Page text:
Thursday, 16 June 2022

IAIS Global Seminar Opens In Dubrovnik

ZAGREB, 16 June 2022 - A global seminar of the International Association of Insurance Supervisors (IAIS) opened in Dubrovnik on Thursday, bringing together over 350 participants from 70 countries.

The two-day seminar is being hosted by the Croatian Financial Services Supervisory Agency (HANFA), whose president, Ante Žigman, said that insurance companies are under great pressure from inflation and increasing interest rates as well as from climate change. "Catastrophic events, such as floods, hailstorms, wildfires and earthquakes, are largely covered by insurance, so insurance companies have to cope with that," he noted.

Žigman also mentioned cybernetic risks, which are not tangible but do great harm to the industry and the IT sector. "This risk is only growing in the present geopolitical circumstances. Coupled with the COVID-19 pandemic, it is important to provide insurance to businesses facing such threats. Insurance enables a smooth running of business and companies are insured against the risks they are facing," he added.

IAIS Secretary-General Jonathan Dixon said that the seminar would focus on the implementation of the key reforms launched after the global crisis of 2008, primarily through the Insurance Capital Standard with common global regulatory rules. 

The topics will also include financial stability and risk at the present time of Russia's military invasion of Ukraine, climate and cyber risks, and financial inclusion.

For more, check out our business section.

Tuesday, 19 April 2022

Further Decrease in Vulnerability of Financial Services Sector Hampered by Inflation

ZAGREB, 19 April 2022 - The Croatian financial services sector's exposure to systemic risks slightly decreased at the end of 2021, primarily due to the strong economic recovery, but a further decrease in the sector's vulnerability is being hampered by accelerated inflation and the escalation of geopolitical risks, HANFA said on Tuesday.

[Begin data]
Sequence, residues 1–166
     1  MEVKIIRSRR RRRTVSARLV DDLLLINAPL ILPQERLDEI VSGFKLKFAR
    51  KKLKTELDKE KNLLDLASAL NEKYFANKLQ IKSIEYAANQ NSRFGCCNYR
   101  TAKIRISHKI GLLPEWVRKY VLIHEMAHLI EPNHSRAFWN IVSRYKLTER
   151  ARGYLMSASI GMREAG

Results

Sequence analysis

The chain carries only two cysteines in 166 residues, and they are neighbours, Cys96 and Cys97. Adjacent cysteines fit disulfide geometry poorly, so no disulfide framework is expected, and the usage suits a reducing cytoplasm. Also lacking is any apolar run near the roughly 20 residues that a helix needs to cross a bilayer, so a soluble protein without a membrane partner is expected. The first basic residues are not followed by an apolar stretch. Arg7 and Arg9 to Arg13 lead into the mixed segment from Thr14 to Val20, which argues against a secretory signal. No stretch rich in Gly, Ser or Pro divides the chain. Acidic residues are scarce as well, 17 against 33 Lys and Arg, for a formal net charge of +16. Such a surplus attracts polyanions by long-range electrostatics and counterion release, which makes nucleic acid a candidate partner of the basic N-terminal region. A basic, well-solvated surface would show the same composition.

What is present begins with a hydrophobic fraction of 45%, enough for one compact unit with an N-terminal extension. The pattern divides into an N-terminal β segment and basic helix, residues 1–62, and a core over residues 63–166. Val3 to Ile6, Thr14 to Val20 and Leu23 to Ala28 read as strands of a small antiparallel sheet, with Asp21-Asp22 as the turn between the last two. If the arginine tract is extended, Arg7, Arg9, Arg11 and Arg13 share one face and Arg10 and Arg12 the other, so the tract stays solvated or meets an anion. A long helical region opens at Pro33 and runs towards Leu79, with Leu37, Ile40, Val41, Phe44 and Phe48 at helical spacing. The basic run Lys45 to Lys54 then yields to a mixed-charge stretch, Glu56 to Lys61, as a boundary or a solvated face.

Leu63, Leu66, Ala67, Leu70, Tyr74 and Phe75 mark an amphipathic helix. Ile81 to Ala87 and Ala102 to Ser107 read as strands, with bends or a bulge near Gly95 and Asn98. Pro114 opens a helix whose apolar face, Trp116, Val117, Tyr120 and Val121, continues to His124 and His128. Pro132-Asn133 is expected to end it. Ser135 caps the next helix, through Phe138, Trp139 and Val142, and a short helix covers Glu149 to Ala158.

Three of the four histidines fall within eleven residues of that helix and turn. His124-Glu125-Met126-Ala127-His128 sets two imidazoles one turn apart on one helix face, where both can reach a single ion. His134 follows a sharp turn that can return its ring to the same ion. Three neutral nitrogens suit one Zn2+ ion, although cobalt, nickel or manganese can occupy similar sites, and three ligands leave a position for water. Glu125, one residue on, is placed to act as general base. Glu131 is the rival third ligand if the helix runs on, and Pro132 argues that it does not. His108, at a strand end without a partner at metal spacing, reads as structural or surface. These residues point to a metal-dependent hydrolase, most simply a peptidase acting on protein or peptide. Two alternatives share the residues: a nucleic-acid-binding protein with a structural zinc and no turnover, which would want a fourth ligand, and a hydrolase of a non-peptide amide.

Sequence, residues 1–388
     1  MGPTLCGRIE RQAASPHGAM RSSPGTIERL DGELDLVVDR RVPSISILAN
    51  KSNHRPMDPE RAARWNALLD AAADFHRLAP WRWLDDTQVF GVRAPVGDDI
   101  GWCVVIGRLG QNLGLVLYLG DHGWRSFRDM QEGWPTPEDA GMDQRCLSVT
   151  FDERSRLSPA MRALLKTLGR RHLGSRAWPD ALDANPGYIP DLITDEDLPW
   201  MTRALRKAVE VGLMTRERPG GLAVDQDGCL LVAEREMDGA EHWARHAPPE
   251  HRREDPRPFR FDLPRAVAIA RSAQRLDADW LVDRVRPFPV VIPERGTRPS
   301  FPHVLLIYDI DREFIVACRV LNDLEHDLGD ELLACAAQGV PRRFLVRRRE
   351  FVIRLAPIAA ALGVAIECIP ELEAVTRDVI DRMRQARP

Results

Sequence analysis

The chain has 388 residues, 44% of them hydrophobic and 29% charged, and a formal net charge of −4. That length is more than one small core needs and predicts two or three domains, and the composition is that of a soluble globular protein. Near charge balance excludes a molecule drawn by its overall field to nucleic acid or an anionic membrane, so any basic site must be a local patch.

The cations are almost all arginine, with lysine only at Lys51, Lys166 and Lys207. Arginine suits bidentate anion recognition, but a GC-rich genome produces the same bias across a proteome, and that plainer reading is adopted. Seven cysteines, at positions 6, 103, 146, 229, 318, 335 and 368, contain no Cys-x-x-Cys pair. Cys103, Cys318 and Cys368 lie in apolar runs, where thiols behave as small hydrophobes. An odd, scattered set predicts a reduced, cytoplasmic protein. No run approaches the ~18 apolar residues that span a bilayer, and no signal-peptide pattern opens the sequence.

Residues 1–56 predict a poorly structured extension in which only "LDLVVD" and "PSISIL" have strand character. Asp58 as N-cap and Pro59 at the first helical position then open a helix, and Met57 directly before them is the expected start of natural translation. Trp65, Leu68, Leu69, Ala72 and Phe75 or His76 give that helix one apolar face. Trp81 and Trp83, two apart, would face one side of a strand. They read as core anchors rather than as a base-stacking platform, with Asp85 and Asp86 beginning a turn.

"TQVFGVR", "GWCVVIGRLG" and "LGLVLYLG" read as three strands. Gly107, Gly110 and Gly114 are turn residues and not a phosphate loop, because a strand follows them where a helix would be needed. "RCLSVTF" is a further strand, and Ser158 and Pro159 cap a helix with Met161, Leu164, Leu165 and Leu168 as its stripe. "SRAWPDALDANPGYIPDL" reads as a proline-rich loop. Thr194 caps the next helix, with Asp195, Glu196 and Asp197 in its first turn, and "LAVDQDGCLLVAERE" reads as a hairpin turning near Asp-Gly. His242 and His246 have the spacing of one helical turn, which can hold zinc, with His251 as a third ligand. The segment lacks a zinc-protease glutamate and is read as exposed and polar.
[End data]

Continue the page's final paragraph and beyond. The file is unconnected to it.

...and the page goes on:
A more significant recovery and decrease in vulnerability of the sector is being hampered by accelerated price increases, which is reducing household purchasing power and slowing down consumption. Another source of uncertainty is the still present COVID-19 measures and the escalation of geopolitical risks relating to the war in Ukraine and sanctions imposed on Russia, the Croatian Financial Services Supervisory Agency (HANFA) said in its Macroprudential Risk Scanner.

This publication provides insight into the process of identifying, assessing and monitoring the evolution of systemic risks in the financial services sector so that appropriate measures can be promptly taken to prevent their materialisation and the impairment of financial system stability.

Wednesday, 30 March 2022

HANFA Approves Establishment of First Japanese-owned Leasing Company

ZAGREB, 30 March 2022 - The Croatian Financial Services Supervisory Agency (HANFA) has granted permission to the Japanese Toyota Tsusho Corporation to enter the leasing market in Croatia, HANFA reported on Wednesday.

The Japanese Toyota Tsusho Corporation has been granted permission to establish a leasing company that will operate as Toyota Tsusho Leasing Croatia d.o.o. and to acquire a qualified share of 100% of equity in Toyota Tsusho Leasing Croatia d.o.o.

This is the first time a Japanese group has entered the leasing market in Croatia, HANFA said in a press release.